"The killer did his work quiet," the sheriff continued, "a quick blade across the throat. You can see where Corbett's blood pooled." Emerson shook his head. "Young fellow, Sam Corbett was. Getting married to Annie over at the diner next month."
While Chet Collins, the senior agent of the team, pushed past the sheriff into the rear of the office, Dave Mitchell leaned on the counter, trying to see what he could learn. Collins paused briefly to look down at the rusty-brown stain, before stepping into the vault "Some boxes stacked in the vault not even touched," Collins said. "They knew what they were after."
"Likely the Freeport Copper Mine payroll," the sheriff reported. "The mine manager and two guards rode in this morning to pick it up."
Collins stepped down the narrow hallway and tried the door. "The door to the street was closed and locked from the inside, the blinds drawn, like always," the sheriff told them. "Back door was unlocked. So that's how they left."
"They?" Collins prompted.
"I figure a single man came in the front just before closing, just one, and not a threatening man or Corbett would have had his guard up. A gun in his face and he'd have considered his bride-to-be before he thought about playing the hero. There's fresh sign in the alley of three horsemen."
"Anyone see his last customer come in?"
"No one," the sheriff said. "Could be anyone. No telling who they were."
Mitchell challenged that conclusion. "Who's Amos?" Emerson's grunt was as good as a question and Mitchell swung around the transaction ledger that lay spread open on the countertop. "Corbett had started signing in a shipment, but only got as far as the first name."
"Must be Amos Carmack, he's the town barber," Emerson said. "Been here since the town was formed back in the '70s. Keeps to himself, him and his wife and his passel of kids. Bishop at the Mormon Church."
Collins and Mitchell exchanged glances, and shook their heads. "Anyone can go wrong, but . . . "
"See Lou Peters, over at the general store," Emerson said. "He's our postmaster. Maybe he knows someone out on the range."
* * *
Collins and Mitchell waited impatiently while the merchant and a housewife discussed the quality of material on the yardage counter, exchanged gossip about the new schoolteacher, and concluded their business. Finally, they had his attention.
Peters scratched his beard as he considered their question. "Only Amos who gets any mail is Mr. Carmack," he told them. He thought a moment and waved a dismissive hand. "Of course, there's Amos Strander out in the country, but no one writes to him. Anyway, he don't have the gumption. I went to school with him. Wimpy little kid back then—nothing more now."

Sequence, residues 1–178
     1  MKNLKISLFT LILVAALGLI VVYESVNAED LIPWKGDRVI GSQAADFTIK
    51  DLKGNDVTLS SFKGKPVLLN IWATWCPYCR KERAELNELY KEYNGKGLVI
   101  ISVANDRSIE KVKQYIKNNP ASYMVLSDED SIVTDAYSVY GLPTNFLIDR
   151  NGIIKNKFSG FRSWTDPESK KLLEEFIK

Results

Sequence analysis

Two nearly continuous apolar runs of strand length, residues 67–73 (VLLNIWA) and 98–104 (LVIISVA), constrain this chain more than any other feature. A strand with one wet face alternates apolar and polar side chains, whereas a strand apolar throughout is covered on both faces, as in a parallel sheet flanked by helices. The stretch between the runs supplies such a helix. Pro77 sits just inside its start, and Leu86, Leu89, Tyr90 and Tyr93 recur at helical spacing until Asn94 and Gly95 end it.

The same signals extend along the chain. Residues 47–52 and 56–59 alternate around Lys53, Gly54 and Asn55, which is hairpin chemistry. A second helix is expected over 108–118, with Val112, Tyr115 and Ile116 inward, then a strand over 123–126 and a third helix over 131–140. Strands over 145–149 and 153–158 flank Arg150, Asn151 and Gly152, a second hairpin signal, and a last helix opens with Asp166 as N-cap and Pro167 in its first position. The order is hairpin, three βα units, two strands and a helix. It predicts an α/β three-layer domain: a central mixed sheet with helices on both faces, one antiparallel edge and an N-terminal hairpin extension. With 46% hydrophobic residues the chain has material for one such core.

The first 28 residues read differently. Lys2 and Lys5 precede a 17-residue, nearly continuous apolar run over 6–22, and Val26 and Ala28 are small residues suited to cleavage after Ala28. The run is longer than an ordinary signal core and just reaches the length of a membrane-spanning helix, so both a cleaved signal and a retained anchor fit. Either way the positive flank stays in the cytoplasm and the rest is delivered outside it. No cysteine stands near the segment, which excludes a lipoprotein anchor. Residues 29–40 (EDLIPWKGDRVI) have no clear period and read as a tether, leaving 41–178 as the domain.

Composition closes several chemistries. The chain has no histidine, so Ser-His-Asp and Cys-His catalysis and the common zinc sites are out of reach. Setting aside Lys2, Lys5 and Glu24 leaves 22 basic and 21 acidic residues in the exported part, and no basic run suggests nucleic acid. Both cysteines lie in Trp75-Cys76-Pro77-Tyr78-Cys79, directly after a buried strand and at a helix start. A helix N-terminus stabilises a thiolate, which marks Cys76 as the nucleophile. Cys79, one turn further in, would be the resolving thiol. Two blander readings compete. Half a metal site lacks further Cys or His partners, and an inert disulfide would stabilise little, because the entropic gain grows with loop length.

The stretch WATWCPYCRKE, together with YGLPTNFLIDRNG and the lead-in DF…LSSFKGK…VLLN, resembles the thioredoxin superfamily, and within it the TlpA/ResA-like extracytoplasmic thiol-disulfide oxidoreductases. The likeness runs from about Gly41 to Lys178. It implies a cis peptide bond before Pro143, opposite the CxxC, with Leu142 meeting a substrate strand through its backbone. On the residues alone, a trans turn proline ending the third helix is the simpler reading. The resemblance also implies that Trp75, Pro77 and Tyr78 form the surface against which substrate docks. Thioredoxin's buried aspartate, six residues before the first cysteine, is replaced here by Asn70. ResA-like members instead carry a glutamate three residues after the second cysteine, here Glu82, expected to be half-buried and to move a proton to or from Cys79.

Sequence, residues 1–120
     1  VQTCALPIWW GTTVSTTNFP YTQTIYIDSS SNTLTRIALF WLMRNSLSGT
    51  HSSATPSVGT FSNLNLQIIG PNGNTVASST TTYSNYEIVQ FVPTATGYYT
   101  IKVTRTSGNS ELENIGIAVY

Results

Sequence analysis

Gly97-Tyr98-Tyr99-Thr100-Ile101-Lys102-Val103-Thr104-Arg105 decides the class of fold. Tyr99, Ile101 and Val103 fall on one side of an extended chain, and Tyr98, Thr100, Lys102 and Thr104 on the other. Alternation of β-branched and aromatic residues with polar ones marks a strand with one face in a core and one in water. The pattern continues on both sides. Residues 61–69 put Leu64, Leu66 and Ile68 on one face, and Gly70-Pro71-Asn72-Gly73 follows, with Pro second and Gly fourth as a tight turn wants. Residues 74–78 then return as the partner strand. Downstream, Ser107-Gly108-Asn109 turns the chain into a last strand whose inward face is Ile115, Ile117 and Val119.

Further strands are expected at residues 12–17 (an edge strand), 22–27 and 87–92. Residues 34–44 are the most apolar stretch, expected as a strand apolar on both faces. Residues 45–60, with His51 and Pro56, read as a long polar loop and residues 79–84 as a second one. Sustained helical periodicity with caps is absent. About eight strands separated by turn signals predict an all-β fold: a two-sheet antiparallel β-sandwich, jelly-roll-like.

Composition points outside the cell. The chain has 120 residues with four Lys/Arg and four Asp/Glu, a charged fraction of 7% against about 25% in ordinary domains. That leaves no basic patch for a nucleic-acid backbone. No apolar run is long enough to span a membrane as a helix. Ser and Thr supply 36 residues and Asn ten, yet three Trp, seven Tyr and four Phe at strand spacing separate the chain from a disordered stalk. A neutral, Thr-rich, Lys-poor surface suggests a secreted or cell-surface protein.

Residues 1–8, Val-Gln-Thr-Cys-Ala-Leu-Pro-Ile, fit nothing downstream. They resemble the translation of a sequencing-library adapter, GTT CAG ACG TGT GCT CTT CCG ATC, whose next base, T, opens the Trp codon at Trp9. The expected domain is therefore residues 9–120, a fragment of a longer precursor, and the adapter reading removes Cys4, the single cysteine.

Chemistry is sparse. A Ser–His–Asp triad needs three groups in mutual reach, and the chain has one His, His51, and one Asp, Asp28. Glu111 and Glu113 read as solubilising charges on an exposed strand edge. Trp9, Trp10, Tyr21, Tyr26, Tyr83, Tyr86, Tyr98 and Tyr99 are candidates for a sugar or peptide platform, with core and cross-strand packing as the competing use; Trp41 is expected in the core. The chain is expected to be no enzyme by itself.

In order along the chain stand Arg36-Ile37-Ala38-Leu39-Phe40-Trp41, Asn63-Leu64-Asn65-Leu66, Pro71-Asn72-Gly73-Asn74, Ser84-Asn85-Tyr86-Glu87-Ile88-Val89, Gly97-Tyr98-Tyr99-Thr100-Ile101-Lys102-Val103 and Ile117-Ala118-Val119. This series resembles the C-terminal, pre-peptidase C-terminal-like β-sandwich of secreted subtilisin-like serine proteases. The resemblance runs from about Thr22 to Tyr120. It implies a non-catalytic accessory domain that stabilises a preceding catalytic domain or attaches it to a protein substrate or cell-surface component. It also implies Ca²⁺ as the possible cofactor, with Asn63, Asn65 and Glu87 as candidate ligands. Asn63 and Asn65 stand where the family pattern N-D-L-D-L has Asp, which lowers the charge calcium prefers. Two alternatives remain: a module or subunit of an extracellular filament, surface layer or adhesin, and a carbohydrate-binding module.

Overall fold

But it was all the agents had to go on. "Tell us about him," Collins prompted.
"Only time he ever got in trouble was when one of the bigger boys talked him into it." Peters laughed at the memory. "Once Grove got Amos to put two chickens down the hole in the girls' outhouse. When Mary Wilson squatted, they started cackling. She screamed so loud we thought she'd fallen in. The teacher broke off her yakking and flew out to see what happened. Don't know where Farley went to, but he sure—"
"Farley?" Mitchell challenged. "Grover Farley, round, smiley-faced fellow that always looks like he's up to mischief?"
"That's the fellow. You know him?"
Mitchell turned to Collins. "I bunked under him my last year in Yuma." Mitchell ignored the sharp stare that statement drew from the postmaster. He didn't have to explain his early career as a stage robber to Peters, or the circumstances that led him to partnering the last three years with Chet Collins. He knew, and Wells Fargo knew, and most important to him, Collins knew that he had found a trail for his life far more satisfying than the one that had landed him in Yuma for five years.
"He's the kind of man made me glad I always worked alone," Mitchell said. "Surprised he's out this quick."
Mitchell pondered the question. "Hard to tell. They don't let a man do much talking on the rock pile and the mess hall could be a Benedictine Monastery." He paused. "But behind his smiley face, you could see a hardness in his eyes. I'd keep my back facing away from him if I could."
* * *
Two hours later, the agents met back at the sheriff's office to share the results of their separate investigations. "Not much to report," Mitchell told Collins and Sheriff Emerson. "The Strander farm was easy to find. So was the farmer. Two shots to the chest and one to the back of his head."
"So that's our Amos." Collins said.
"Much good it will do us. Three whiskey glasses on the table, which fits what Peters told us about him being a trusting pawn of a man like Farley."
"Farley and one other," Collins said. "I've sent a wire to Yuma asking if someone else got out when he did."
"Two horsemen laid down a trail traveling toward New Mexico," Mitchell continued. "I followed it a mile or so before reporting back. If they stick to that, they got to skirt round the Peloncillo Mountains. Always assuming we're going to turn man-chasers, I figure we can close some distance on them."
For his part, Collins had ridden out to the Freeport Copper Mine. "They expected money for payroll and expenses, a total of $20,000."
"That's too much money," Mitchell declared.
"They had the proof, receipts for $20,000 in money packets, countersigned by the Wells Fargo agent in Tucson."
Mitchell shook his head decisively. "That's why I liked to work alone." He grinned at Collins. "Hope this don't disillusion you about human nature, Chet, but outlaws ain't always the most upright of people." His face turned grim as he continued.
"Never knew a man who'd think my life was worth more than an extra share of a big haul like that."
* * *
The two agents reached Strander's cabin shortly before dark, spread their blankets under the stars, and were on the trail at first light. Shortly after splashing across San Simon Creek, they found the charred remains of the fire circle where Farley and Desmond had cooked their meal. Upwind of the fire, the robbers had smoothed the rocks and spread their blankets.